Micromobility for all: A roadmap to inclusive micromobility

Context

VOI has recently entrusted 6t with a year-long European-wide research program on micromobility. The guiding principle of this research program is inclusiveness. Indeed, since the development of micromobility services all around the world, their contribution to urban mobility ecosystems has been recognised. However, a key concern remains: that of social equity and inclusiveness, given that research has shown that upper-class working men are over-represented among micromobility services users.

In this context, VOI asked 6t to explore the different ways micromobility can contribute to mobility inclusiveness. So far, VOI is the first operator to launch an ambitious research project, leading to the definition of an operational roadmap toward inclusive micromobility.

Methods

6t first conducted a literature review of academic articles and technical reports, in order to:

  • Properly define key concepts;
  • Discuss the current state of inclusiveness in micromobility, and in shared mobility in general;
  • Review which actions have already been implemented by operators to ensure inclusiveness;
  • Identify the operational steps that should be taken to address the current lack of inclusiveness.

Results

What does it mean for a micromobility service to be ‘equitable’ or ‘inclusive’?

The question of inclusiveness, equity and justice in mobility is a complex multidimensional one. Three key approaches can be distinguished in the way past research has conceptualised it.

First, approaches focused on accessibility, with the idea that equitable transport planning should allow all citizens to benefit from the same level of access to opportunities, whatever their living area or sociodemographic profile. For micromobility operators, that implies a careful management of dockless fleets to make sure disadvantaged neighbourhoods are not under-served.

A second set of approaches focused on capabilities, a concept that refers to individual’s capacity to convert available resources (e.g., a mobility service) into opportunities (e.g., access to jobs). Therefore, it is not sufficient for an e-scooter to be sitting in front of someone’s door for that person to use it.

Finally, research focused on mobility justice. This third approach is the most ambitious of all and imply that, for a mobility service to be truly just, disadvantaged citizens should be involved in its design and performance monitoring. Then, operators should engage civil society and grassroots communities at the definition, deployment and evaluation phases.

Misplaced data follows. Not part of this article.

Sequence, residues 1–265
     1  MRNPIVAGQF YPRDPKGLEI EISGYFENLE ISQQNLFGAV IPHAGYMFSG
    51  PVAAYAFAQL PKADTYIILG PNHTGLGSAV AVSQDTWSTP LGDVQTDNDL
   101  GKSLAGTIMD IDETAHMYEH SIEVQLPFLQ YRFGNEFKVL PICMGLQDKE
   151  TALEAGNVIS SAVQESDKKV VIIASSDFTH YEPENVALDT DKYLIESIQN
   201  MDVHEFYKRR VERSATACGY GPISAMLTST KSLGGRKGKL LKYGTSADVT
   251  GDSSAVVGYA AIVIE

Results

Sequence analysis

What is the current state of inclusiveness in micromobility?

Available evidence on shared mobility user profiles reveals that they are in line with the “early adopter” profile: they tend to be wealthy, highly-educated, full-time working men living in urban areas. However, their age differs from one service to the other: carsharing users vary little from the general population, while dockless bicycle and e-scooter service users tend to be much younger.

Yet, there are still many efforts to make to answer the needs of women and low-income users, strongly under-represented among e-scooter users. Disabled people are also very strongly under-represented among micromobility services users and, not only do they face many difficulties as potential users, but, as non-users, they are more negatively affected by externalities associated with shared micromobility devices (e.g., improperly parked vehicles resulting in street clutter). The priority for operators is then to better understand barriers, and co-construct answers to these barriers with under-represented users.

How can micromobility inclusiveness be achieved?

Having clarified what it means to achieve micromobility inclusiveness, and analysed key data to characterise the current situation, we moved on to exploring the measures to address it. A benchmark of all measures taken by micromobility operators allowed to distinguish three progressive steps towards inclusive micromobility.

  • Step 1 – Access to all, including spatial equity in fleet management and social pricing
  • Step 2 – Tailored service, which involves the use of qualitative methods to understand the specific needs of under-represented users’ groups, and the adaptation of commercial offers to answer these needs
  • Step 3 – Meaningful involvement, with partnerships established with charities or grassroots associations, to design but also to monitor the service

 

Click here to download the full report (in English) 

 

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